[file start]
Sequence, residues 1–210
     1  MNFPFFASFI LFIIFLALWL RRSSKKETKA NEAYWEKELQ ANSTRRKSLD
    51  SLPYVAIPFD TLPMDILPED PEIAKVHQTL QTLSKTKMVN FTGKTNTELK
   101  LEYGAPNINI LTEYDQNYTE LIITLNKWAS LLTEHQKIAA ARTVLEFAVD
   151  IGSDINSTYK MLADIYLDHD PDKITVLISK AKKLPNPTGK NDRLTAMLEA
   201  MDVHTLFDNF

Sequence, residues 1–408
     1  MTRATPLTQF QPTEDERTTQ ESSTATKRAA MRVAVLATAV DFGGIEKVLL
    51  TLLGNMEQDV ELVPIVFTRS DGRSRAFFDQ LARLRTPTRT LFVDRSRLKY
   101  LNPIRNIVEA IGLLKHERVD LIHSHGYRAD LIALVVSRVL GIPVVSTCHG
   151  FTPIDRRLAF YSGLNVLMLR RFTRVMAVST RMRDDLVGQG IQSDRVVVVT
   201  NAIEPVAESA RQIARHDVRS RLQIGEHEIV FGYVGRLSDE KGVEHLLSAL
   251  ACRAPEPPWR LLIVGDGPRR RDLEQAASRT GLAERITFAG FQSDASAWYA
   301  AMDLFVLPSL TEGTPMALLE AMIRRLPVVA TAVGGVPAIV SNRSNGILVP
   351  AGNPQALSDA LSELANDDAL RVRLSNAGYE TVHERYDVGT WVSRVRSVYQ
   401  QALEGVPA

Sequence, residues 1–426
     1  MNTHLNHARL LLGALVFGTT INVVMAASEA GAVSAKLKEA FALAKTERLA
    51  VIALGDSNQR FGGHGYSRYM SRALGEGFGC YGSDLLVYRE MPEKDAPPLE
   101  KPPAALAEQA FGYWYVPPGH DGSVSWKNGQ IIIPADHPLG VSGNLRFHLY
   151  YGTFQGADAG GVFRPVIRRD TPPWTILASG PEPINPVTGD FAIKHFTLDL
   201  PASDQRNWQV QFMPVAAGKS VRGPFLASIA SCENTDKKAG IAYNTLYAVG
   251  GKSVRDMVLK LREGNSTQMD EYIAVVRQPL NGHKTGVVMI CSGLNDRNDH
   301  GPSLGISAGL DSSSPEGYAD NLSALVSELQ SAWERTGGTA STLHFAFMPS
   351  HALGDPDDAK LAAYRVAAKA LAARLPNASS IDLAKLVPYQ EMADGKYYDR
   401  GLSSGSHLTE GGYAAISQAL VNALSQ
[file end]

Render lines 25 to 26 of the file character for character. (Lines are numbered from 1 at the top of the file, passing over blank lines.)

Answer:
   351  HALGDPDDAK LAAYRVAAKA LAARLPNASS IDLAKLVPYQ EMADGKYYDR
   401  GLSSGSHLTE GGYAAISQAL VNALSQ